Tone at the top is the most important factor in creating an organizational culture of integrity - Nicole Sandford
Without question, reputation risks are every bit as important as strategic, operating, and financial risks. In fact, C-level executives often rate reputation risk as more important than other strategic risks. Their concern is well founded: as we’ve seen again and again, the impact of reputational erosion can be devastating — from a plummeting stock price to a loss of customers.
Guarding against reputational risk begins with setting the proper tone at the top, one that is aligned with organizational values and embraces a culture of integrity. Properly fed and nurtured, it is the foundation upon which the culture of an enterprise — and therefore all the other elements of governance, risk and compliance infrastructure — is built. Ultimately, it is the glue that holds an organization together.
The starting point for setting the tone begins with the organization’s governing authority — most frequently this means the board of directors. The board’s most fundamental tasks would typically include hiring the CEO, approving strategy, monitoring execution of the plan, setting risk appetite, and exercising appropriate oversight regarding risk mitigations, all with the underlying goal of preserving and creating shareholder value.
The board sets the tone of the organization in the way that it executes each of these responsibilities. However, perhaps no single decision drives tone at the top more than the selection of the CEO. That process must necessarily focus on competence, character, and chemistry and raises questions such as the following:
• Does the prospective CEO have the requisite skills and experience to move the organization forward?
• Does the prospective CEO possess the character and moral fiber to model and contribute to the development of a values-centered enterprise and strategy?
• Does the prospective CEO have the chemistry and communication skills necessary to rally others to successfully and consistently deliver on the organization’s value proposition to all stakeholders?
Boards must give appropriate weight to each of these considerations. Too often, the CEO selection process focuses mostly on competence, with less thought given to character and chemistry. The examination of a CEO’s integrity requires a deeper dive into their previous roles, behaviors and decisions. Boards need to be sure they are performing additional diligence to assess these factors, including the use of behavioral interviewing techniques, reference checks with a broad set of people (including previous subordinates) and assessment tools.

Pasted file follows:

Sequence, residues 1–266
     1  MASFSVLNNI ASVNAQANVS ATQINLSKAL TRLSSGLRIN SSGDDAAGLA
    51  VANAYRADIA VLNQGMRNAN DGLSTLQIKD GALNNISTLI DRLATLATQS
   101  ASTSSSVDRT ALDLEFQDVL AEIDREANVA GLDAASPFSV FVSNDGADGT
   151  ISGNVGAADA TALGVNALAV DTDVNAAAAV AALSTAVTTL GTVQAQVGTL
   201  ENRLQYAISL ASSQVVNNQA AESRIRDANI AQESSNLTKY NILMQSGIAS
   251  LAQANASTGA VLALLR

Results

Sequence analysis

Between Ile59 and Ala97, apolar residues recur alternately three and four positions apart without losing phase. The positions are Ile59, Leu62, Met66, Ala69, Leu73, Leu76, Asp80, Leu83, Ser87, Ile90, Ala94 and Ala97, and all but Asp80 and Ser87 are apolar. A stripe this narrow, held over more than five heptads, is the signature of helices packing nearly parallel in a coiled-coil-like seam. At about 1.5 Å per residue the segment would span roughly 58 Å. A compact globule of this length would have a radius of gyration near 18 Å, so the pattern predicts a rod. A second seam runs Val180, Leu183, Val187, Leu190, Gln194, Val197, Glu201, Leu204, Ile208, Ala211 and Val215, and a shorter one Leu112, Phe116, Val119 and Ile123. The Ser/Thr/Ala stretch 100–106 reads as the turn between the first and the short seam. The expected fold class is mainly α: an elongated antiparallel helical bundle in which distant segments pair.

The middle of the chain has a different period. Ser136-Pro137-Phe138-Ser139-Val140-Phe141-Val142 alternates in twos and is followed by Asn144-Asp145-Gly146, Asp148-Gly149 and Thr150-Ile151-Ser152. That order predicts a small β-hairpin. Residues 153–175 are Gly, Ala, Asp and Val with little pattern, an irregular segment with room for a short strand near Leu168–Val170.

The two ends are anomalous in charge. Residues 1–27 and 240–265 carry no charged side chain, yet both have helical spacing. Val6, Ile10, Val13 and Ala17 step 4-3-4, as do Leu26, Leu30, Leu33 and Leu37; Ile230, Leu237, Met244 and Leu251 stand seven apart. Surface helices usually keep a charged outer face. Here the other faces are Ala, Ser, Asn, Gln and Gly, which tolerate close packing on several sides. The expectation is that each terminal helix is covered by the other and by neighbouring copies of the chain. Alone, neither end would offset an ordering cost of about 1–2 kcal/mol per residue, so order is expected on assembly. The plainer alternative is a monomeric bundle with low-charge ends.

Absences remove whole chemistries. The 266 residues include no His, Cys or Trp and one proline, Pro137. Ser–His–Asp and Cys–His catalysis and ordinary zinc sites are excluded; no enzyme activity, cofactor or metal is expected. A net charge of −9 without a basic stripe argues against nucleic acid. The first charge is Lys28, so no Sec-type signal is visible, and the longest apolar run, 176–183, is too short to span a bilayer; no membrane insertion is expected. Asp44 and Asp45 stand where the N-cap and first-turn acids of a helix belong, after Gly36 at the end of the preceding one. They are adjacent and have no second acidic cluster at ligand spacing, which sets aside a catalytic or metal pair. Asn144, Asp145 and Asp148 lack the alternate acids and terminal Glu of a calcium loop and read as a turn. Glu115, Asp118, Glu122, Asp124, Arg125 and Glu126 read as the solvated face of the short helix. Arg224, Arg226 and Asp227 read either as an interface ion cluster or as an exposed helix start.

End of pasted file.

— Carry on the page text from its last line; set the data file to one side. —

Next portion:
Once selected, the board is accountable for monitoring the CEO’s performance based upon appropriate metrics for competence, character, and chemistry. This also requires the adoption of additional techniques, including a look at compliance performance of top executives under the CEO and the organization overall as part of the annual review process. Audit committees in particular should pay close attention to compliance hotline reports and regulatory findings across the organization and be sure the CEO evaluation and compensation committee(s) are informed of concerning trends. There are several examples of recent corporate meltdowns that may have been avoided if senior executives had been evaluated — partially at least — on organizational compliance and integrity.
In summary, the governing authority must ensure that ethical objectives are built into the actions and the strategy of the organization, and that they are not merely a statement of good intentions.
“Sometimes, all it takes is a rumor, a hint of impropriety or malfeasance, or a social media post gone viral, to negatively impact shareholder value and damage — or worse, destroy — corporate and brand reputations in an instant.”
— Nicole Sandford
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